Knicks Crash and Burn in Attempt to Shoot Down Mavericks

The biggest difference with the Knicks in 2011 is that losses like this feel surprising

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    NEWSLETTERS

    TK
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    In each half of Wednesday night's game against the Mavericks, the Knicks had stretches where they looked like the best basketball team on the planet.

    Before, in between and after those stretches they looked like one of the worst, however, and that's why they wound up as 113-97 losers at Madison Square Garden. There's no great shame in losing to a team like Dallas, especially with this year's beating being a lot more respectable than last year's 50-point beatdown. It's still frustrating, though, because, like so many Knicks losses this season, it felt avoidable.

    The two big Knick runs both featured heaping helpings of Danilo Gallinari and then he'd disappear as the Knicks offense stagnated into a series of bad shots early in the shot clock off of just one pass. The need for Gallo's scoring touch has been made so clear in recent weeks that it boggles the mind to try to understand how the team can look away from him for so long, especially on a night when little else is working.

    And little else was working, as evidenced by Amar'e Stoudemire scoring 21 points in the first half before a second half shutout. Dirk Nowitzki experienced no such spells of ineffectiveness, although he didn't get any MVP chants from the normally voluable Garden crowd. That difference turned a four-point Mav lead at the half into a 24-point third quarter bulge that essentially ended the contest.

    Landry Fields had three threes rattle in and out while the Mavs stroked 11 of them. Not enough? How about Timofey Mozgov hurtling back to Earth? It was bound to happen once the realization that players whose ability to catch the ball make you wistful about Patrick Ewing's hands aren't long for the world took hold.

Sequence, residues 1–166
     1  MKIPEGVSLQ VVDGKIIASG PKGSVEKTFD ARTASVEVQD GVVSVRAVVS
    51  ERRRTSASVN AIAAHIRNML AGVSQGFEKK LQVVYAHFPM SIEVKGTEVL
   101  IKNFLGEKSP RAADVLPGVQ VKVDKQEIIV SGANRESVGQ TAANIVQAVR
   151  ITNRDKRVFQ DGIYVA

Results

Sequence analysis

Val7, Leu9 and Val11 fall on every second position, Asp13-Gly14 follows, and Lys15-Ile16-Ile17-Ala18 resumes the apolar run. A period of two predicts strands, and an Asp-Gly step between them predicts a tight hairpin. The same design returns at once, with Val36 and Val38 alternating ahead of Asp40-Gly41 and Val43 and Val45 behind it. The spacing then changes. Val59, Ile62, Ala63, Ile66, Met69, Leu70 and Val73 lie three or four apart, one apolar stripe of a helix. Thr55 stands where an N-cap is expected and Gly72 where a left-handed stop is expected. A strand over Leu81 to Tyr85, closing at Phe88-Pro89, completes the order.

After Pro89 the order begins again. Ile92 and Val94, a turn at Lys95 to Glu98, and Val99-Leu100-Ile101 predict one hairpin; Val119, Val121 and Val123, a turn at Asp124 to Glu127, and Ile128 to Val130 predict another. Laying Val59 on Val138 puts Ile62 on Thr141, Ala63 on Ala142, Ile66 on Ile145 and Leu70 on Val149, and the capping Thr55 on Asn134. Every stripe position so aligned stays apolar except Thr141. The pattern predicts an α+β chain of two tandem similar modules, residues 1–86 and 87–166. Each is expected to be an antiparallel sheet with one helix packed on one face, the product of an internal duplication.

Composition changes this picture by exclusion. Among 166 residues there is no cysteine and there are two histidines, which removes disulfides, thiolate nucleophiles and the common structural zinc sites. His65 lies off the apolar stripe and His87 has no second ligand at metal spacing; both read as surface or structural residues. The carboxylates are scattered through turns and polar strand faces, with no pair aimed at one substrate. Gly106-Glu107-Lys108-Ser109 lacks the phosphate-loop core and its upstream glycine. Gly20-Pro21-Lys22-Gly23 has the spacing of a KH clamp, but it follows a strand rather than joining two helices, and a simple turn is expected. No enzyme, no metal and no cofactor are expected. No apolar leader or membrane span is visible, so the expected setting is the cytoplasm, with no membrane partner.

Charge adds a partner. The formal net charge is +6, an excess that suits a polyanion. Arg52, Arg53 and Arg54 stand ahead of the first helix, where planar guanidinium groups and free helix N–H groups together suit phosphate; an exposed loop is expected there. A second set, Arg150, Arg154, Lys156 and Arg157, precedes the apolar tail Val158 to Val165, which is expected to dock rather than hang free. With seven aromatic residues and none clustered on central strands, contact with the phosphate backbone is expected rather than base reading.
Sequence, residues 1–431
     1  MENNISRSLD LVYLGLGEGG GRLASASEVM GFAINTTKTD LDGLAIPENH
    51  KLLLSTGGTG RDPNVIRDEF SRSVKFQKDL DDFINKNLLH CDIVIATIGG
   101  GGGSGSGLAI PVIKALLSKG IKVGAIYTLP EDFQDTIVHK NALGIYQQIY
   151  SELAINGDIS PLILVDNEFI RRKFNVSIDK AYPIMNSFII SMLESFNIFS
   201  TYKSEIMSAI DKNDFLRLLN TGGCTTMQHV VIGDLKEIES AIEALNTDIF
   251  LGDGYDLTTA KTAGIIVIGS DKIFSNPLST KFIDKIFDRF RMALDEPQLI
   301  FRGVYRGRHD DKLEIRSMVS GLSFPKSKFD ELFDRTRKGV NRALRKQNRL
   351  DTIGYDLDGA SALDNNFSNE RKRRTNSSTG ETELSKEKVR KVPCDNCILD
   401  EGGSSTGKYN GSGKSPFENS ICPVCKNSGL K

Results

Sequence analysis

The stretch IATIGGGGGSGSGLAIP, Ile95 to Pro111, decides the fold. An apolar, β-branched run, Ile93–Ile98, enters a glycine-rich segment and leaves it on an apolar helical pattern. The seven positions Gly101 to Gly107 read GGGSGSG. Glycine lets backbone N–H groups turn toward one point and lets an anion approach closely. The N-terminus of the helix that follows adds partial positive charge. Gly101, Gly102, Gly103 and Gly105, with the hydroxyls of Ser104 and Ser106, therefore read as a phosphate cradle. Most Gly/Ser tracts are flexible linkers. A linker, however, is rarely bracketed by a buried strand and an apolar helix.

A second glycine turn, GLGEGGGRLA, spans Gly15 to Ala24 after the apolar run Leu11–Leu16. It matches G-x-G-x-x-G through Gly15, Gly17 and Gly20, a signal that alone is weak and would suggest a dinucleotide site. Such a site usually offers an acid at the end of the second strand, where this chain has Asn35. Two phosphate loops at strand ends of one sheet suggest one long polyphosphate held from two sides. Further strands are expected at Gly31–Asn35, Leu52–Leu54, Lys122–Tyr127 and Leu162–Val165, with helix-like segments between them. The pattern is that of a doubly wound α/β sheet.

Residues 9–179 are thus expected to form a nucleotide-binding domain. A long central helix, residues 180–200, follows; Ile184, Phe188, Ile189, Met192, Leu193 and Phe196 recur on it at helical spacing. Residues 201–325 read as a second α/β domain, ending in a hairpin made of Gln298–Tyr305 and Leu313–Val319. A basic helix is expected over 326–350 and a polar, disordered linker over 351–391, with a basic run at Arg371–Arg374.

The problems with defense, particularly the masochistic obsession with switching so that guards find themselves guarding Nowitzki, and rebounding are well documented at this point, so we won't harp on them other than to say that the Knicks have proven they can win games against good teams despite those shortcomings. To do that, they need to be sharp and crisp on offense for entire games, not just short bursts, and that kind of execution was nowhere to be found on Wednesday.

    That's frustrating and it is the biggest difference from the last few seasons as losses actually gall you instead of make you shrug your shoulders. Losing either of the next two to the Sixers will do a lot more than gall, however. The Knicks have a three-game lead over Philly for the sixth spot in the playoffs, but the Sixers have a losing record. It will be a lot harder to keep being surprised by losses like this if the Knicks are in that kind of company.  

    Josh Alper is a writer living in New York City and is a contributor to FanHouse.com and ProFootballTalk.com in addition to his duties for NBCNewYork.com. You can follow him on Twitter.